The national health care debate may not be any closer to a conclusion than before the arguments began, but because of all of the attention the debate has generated we’ve learned that our elected leaders don’t always read the legislation they are voting on. The 2,000-some-page health care bill was an example, but its failure of passage followed a lot of critical press - printed, verbal and televised. Had the negative news about the bill not been the major news topic before its vote in Congress that bill might have passed without any member having read it. That’s not how the system is supposed to work; major pieces of legislation are to be debated and all of their provisions known and understood.
So a free press, and again we mean print, verbal or televised media, remained a stalwart defender of our right to know and protected us from legislation that was neither read nor understood.
We elect leaders as our representatives. They become our voices in all matters from local government to the highest government positions in Washington D. C. We give elected officials the authority to work for our best interest and we give them that authority through our vote. But, we have to make sure they do represent our best interests and we accomplish that through many means, including the media. Our government is open and our representatives are charged with the responsibility to keep it open and honest. We have “Sunshine” laws which mandate that our government proceedings A kind word Sunshine Week word are open with few and limited exceptions.
The City of Detroit paid thousands of dollars out in a lawsuit when its mayor used a lawsuit settlement to hide his inappropriate behavior. The Detroit Free Press investigation into Kwame Kilpatrick’s office and text messages ended up costing not only the taxpayers but the mayor his job and freedom.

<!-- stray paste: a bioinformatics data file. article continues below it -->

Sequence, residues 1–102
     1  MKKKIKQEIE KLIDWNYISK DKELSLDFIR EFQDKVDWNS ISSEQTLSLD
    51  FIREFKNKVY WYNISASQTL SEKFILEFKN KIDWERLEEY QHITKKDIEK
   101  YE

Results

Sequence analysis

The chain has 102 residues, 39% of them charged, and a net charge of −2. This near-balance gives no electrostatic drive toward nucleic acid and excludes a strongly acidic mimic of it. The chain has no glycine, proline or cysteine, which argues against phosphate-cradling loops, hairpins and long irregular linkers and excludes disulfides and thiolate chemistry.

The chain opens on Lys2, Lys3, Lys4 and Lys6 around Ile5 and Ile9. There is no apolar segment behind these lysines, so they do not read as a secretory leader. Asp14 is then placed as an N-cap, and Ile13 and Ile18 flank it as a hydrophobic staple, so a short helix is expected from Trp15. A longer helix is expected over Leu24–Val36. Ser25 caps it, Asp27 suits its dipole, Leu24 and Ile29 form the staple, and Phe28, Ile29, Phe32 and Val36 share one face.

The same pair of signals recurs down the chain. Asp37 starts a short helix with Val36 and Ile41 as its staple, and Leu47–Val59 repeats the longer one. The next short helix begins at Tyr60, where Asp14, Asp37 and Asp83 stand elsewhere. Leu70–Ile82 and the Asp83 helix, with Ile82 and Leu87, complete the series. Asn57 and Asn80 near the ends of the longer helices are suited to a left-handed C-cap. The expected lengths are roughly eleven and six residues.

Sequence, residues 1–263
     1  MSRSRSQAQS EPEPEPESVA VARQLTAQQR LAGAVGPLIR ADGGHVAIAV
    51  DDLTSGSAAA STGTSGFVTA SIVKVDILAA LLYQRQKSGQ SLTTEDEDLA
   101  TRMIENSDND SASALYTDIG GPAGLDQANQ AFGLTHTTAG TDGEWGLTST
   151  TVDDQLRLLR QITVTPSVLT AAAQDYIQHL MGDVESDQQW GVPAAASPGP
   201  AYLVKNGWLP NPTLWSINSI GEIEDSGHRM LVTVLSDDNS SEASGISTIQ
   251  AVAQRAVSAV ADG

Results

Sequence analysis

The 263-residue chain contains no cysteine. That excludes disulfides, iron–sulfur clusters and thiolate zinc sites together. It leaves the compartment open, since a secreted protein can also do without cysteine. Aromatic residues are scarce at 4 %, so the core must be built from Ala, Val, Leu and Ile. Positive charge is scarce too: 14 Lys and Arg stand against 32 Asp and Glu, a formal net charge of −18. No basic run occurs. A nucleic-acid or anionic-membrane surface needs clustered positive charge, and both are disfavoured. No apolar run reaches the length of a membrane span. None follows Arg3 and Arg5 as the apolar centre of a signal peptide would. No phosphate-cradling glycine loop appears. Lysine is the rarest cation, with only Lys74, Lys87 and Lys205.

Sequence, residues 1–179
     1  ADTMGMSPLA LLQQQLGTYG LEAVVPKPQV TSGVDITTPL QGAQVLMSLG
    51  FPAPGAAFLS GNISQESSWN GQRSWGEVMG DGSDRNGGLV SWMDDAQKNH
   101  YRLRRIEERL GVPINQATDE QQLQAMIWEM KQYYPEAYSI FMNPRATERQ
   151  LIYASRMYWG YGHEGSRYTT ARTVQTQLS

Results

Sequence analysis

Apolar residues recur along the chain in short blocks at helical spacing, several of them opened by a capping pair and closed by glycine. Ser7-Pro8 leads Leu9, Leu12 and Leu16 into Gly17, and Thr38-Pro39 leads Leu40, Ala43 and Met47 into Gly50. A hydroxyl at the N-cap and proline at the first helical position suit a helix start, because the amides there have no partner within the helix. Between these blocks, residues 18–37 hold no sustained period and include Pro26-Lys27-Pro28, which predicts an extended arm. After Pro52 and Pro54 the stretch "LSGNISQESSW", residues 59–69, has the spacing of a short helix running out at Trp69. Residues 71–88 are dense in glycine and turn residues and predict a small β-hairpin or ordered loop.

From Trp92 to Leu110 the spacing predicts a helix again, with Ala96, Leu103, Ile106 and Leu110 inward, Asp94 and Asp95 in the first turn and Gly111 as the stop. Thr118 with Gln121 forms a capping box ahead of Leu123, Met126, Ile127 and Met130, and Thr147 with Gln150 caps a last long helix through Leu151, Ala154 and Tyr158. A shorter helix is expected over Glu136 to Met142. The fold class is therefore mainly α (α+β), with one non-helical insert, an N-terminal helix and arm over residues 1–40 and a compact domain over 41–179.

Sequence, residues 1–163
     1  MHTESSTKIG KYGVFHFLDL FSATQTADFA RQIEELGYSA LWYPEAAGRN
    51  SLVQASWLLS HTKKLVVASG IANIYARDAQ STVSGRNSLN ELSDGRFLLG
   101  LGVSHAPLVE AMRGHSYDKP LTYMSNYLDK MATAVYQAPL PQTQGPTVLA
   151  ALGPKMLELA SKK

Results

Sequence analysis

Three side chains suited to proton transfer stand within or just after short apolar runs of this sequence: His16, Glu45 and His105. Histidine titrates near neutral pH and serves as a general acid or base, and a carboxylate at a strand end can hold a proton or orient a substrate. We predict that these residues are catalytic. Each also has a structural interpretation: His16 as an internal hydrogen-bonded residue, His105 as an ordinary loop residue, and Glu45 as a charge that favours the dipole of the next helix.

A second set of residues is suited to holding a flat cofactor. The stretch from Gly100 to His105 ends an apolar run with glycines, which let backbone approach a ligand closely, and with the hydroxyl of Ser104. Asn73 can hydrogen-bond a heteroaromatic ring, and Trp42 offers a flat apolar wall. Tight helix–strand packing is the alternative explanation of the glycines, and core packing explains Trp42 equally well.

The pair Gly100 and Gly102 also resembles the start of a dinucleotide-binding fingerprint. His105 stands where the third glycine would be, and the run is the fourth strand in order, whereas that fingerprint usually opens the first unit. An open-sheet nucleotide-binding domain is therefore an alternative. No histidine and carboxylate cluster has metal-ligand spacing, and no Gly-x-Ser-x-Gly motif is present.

Under the guise of savings, your right to know what your government is doing is under new attack. Meeting proceedings are being printed in synopsis form with full minutes available at governmental offices or in some cases over the Internet. It’s almost like the health care bill that no one could read because there wasn’t time before a vote was taken. It’s government working in the dark, away and out of the spotlight. Meeting proceedings must be kept in a permanent printed form and away from opportunity for interference or corrupt manipulation.
Saturday is the first day of spring, which also happens to fall during the annual Sunshine Week observance, a week set aside to highlight the importance of an open, transparent government where all citizens have the right to see what their government is doing and what their elected representatives are accomplishing. We also have the right to watch our government’s spending and in an election year that is of paramount importance. Our voting decisions are based on what we know of our elected representatives. Our knowledge keeps us free.